AMD Swings to First-Quarter Loss

Advanced Micro Devices Inc. reported a greater-than-expected loss in the first quarter as the chip maker continued to struggle amid a fierce price competition with larger rival Intel Corp. Despite the miss, AMD's already-depressed stock price surged on signs the price battle is easing and the company is willing to outsource some of its chip-making duties to outside factories to cut costs.

AMD said Thursday it lost $611 million, or $1.11 per share, in the first three months of the year. That compares with a profit of $185 million, or 38 cents per share, in the same quarter a year ago.

Sunnyvale-based AMD reported $1.23 billion in sales, a 7 percent decline from the $1.33 billion it rang up a year ago.

Analysts, on average, were expecting AMD to record a loss of 48 cents per share on $1.26 billion in revenue, according to a survey by Thomson Financial. Expectations varied wildly, with some analysts predicting a loss as steep as 82 cents a share.

AMD took roughly 4 percent of the processor market from Intel last year, but relentless price cuts by both companies have cut deeply into their profit margins. Intel has been better able to weather the fight -- its cash horde is almost seven times the size of AMD's, and its market value is nearly 16 times larger.

"The first quarter of 2007 was a terrible start to the year," Robert Rivet, AMD's chief financial officer, said on a conference call with analysts. "But we are confident we have a plan to put us back on the right track."

Rivet said the company is aggressively addressing the issues that led to the quarter's significant revenue decline and said customers remain confident in AMD's strategy, products and technology roadmap.

Before the results were released, AMD shares rose 37 cents, or 2.7 percent, to close at $14.28 on the New York Stock Exchange. In after-hours trading, investors shrugged off the bad news and the stock gained 22 cents on optimistic commentary by AMD management.

Analysts said the company pleased investors by offering a more conciliatory tone on pricing and market share than its bellicose posturing in recent quarters.

JoAnne Feeney, senior research analyst with FTN Midwest Securities Corp., said AMD has toned down its rhetoric about gaining market share at all costs, indicating the company will focus more on improving its overall profitability.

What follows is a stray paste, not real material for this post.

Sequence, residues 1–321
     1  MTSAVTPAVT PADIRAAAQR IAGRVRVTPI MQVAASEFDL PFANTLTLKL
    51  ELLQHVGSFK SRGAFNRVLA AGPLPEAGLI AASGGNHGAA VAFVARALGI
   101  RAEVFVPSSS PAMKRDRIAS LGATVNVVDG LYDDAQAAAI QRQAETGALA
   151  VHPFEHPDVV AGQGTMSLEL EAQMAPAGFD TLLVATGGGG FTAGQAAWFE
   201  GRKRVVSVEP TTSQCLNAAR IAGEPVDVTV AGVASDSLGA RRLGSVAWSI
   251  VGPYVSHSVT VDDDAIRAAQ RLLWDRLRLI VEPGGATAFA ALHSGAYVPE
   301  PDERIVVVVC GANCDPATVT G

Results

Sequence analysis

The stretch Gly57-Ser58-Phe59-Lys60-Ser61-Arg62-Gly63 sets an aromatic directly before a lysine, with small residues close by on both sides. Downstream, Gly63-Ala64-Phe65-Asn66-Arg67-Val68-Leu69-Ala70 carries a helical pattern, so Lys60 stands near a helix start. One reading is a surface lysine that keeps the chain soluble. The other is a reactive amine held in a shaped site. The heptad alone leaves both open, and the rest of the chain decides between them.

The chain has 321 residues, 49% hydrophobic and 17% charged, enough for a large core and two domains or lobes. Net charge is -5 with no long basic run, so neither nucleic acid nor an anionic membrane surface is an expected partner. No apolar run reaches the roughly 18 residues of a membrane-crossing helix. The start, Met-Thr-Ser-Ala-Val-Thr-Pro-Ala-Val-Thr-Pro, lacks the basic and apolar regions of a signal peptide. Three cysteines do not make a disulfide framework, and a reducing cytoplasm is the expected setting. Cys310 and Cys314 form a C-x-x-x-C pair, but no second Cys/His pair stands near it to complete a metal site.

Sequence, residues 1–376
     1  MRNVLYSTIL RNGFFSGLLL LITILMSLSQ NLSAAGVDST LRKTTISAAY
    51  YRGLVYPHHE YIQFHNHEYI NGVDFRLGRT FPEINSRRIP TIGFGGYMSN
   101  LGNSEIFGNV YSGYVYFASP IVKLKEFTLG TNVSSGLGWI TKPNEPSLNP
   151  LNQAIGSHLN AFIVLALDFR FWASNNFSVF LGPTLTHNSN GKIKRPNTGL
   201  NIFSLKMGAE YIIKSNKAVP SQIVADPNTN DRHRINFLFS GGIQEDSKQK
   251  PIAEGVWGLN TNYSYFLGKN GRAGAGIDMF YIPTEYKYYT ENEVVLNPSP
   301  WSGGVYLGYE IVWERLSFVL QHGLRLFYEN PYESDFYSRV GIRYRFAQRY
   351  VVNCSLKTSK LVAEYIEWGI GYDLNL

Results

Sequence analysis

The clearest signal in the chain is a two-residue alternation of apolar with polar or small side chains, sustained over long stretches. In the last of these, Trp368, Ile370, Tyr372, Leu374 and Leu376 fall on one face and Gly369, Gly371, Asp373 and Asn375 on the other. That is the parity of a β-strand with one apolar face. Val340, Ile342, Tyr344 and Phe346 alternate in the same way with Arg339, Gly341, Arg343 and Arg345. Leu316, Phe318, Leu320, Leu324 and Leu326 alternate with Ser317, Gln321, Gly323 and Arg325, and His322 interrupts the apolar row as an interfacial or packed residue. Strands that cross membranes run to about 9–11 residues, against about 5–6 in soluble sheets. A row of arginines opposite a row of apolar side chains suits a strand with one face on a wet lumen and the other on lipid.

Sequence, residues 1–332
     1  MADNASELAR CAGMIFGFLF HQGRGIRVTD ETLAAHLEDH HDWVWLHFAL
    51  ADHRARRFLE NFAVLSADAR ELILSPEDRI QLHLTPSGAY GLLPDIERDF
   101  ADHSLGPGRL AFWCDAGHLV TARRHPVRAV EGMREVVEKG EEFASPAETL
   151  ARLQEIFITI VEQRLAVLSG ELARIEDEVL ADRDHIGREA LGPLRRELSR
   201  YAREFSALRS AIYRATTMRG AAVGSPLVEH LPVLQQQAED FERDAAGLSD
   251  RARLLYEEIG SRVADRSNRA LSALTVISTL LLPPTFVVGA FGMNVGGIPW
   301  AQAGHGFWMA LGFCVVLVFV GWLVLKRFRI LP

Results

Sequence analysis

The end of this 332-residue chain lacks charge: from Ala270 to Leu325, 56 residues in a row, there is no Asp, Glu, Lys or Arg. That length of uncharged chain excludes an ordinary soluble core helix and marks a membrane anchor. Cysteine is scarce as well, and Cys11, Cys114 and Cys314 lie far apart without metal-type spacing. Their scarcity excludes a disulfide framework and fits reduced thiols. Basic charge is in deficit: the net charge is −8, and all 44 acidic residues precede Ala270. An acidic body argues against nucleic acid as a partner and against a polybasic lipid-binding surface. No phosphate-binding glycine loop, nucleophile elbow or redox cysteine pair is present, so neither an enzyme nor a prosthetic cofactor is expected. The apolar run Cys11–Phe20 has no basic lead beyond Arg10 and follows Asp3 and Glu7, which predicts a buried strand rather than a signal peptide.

AMD management also said the company will consider offloading some of its manufacturing duties to third-party factories, which would reduce its capital expenditures and put more profits back into the company coffers, she said.

"Everybody expected AMD to have a terrible quarter -- and if it's terrible, what's two times terrible?" Feeney said. "That's water under the bridge. At this point everybody wants to know if this company can become more profitable. And at this point, it seems like the company is saying all the right things."

AMD was optimistic for the second quarter -- sales are expected to be flat or slightly higher in a seasonally sluggish period when Intel is forecasting lower revenues and profit margins. AMD management said the company expects market-share gains at Intel's expense in the current quarter but would not elaborate.

AMD also said its closely watched gross margin percentage would improve as it transitions to a more advanced chip-making process, and that its new server chip, code-named Barcelona, was on track to ship in products in the third quarter.

In addition, AMD said it would cut 500 jobs, or about by 3 percent of its work force, the end of the year through attrition and performance evaluations. AMD finished the quarter with 16,700 employees. By comparison, Intel currently has 92,000 workers after completing a massive restructuring that eliminated about 10 percent of the Santa Clara-based company's worldwide work force.

Intel reported Tuesday that its first-quarter profits surged 19 percent as the company benefited from a big tax windfall and lower production costs because of its speedier transition than AMD to a new chip-making process.

AMD recorded $113 million in charges during the recent quarter related to its acquisition of graphics chips maker ATI Technologies Inc. The charges brought down net income by 21 cents per share. The company also took $28 million in charges for employee stock-based compensation expenses, which further reduced net income by 5 cents per share.

Dragged down by sharply lower unit sales and average selling prices, AMD warned twice in the past two months it would not meet its own forecasts. Last week the company shaved about $400 million from its revenue guidance for the quarter, said it would cut 20 percent of its capital expenditures budget for the year, and announced it was imposing a partial hiring freeze to clamp down on costs.

Still, the first-quarter loss was greater than expected.

The company's gross margin percentage plunged from 58 percent last year to just 28 percent in the recent quarter. AMD blamed the decline on significantly lower microprocessor unit shipments, selling prices and the inclusion of ATI's operations, which generally have had lower margins. Excluding one-time charges, the story wasn't much better, as the gross margin comparison was 59 percent versus 31 percent.

A high-flier just a year ago, AMD's stock has plummeted amid signs a resurgent Intel is stealing back market share and forcing AMD to cut deeply into its own profit margins with equally severe price cuts to try and sustain its hard-won gains.

Investors are also concerned about AMD's ability to pay for the $5.6 billion ATI acquisition while still spending heavily to add manufacturing capacity and transition to a new chip-making process.

AMD's stock, which was trading above $30 the same time last year, has lost more than half its value since then, wiping out more than $7 billion in shareholder wealth.


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